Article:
Lionel Alverez is in the Promised Land Cemetery again, taking inventory. He has been coming to this cemetery in Plaquemines Parish, La., all his life. The graveyard is hemmed in between the Mississippi River and the marsh on a lonely stretch of highway.
Promised Land has been the final resting place for the Alverezes for generations. Alverez, 61, points out several graves, one by one. "Albert Alverez. Huey Alverez and Harold Alverez. My brother Allen is near the rear, back there."
The spate of headlines that drew them to our attention has died down. Yet I still find myself thinking about the faces of a certain 19-year-old man and his elder brother, accused by police of bringing about a tragic end to what should have been a day of joy and celebration.
In his State of the City Address last week, Mayor Mitch Landrieu praised the New Orleans Recreation Development Commission for the growth of this year’s summer youth programs, which include 33 youth camps, seven teen camps and an expanded summer jobs program. For parents and guardians seeking something a bit more rural, it’s also possible — and right within New Orleans city limits.
Located in the northernmost reaches of City Park, Equest Farm is straight out of a Laura Ingalls Wilder novel.
With spring time comes a spirit of creative energy, renewal, and transition. Thus, the latest edition of All Things New Orleans is apropos for the season: we’ll hear about new programs at UNO, new leaders in the community, and new stories from the Bring Your Own series.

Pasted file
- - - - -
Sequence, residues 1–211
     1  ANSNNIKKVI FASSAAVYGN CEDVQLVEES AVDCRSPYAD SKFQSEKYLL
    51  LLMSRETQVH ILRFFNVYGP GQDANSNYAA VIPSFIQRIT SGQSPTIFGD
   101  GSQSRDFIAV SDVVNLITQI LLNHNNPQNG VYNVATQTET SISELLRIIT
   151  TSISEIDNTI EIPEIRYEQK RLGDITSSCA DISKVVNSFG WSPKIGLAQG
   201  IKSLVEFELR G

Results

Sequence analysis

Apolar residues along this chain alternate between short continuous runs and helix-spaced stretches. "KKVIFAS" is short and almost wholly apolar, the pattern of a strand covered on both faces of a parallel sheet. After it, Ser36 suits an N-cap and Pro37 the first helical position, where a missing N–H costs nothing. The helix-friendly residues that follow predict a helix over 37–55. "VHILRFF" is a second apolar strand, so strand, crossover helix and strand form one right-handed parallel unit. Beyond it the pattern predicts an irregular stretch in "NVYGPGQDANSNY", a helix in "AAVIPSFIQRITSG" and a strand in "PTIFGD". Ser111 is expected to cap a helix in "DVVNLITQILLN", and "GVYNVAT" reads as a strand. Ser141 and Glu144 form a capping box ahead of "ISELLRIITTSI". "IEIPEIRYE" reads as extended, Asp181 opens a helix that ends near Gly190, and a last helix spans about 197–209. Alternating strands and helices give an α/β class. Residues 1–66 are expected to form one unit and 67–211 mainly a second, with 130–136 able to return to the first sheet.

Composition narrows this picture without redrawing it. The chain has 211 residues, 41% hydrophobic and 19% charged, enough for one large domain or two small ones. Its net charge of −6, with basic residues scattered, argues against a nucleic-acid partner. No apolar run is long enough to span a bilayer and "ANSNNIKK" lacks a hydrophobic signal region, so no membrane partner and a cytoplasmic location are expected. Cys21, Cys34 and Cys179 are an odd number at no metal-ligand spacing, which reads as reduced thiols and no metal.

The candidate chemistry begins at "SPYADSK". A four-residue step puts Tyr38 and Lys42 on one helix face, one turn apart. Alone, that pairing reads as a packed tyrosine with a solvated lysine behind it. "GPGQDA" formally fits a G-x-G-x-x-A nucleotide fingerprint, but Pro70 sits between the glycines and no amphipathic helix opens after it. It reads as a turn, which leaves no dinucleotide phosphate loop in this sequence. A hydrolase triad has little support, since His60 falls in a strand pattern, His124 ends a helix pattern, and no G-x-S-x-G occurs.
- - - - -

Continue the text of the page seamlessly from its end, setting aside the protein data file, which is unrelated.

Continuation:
Looking for a particular stage at this year's New Orleans Jazz and Heritage Festival, presented by Shell? Can't find the bathrooms? Take a look at the Festival Map. You can download a high-resolution version of the map by clicking here.
Two weekends. Seven days. Even the most casual Jazz Fest fan knows those numbers.
However, from food to facilities, a festival that draws upwards of 450,000 attendees is bound to result in some other remarkable numbers you might not have heard before. Here are some of our favorites, courtesy of the New Orleans Jazz and Heritage Festival.
Partying at French Quarter Fest can be serious work. If you’re looking to take a break there’s few places better than one of the French Quarter’s classic bars — and there’s no shortage of them.
We’ve highlighted a few of our favorites below, along with a couple of brand-new classics to add to the pantheon. Have some favorites of your own? Add them in the comments below and we’ll update the story.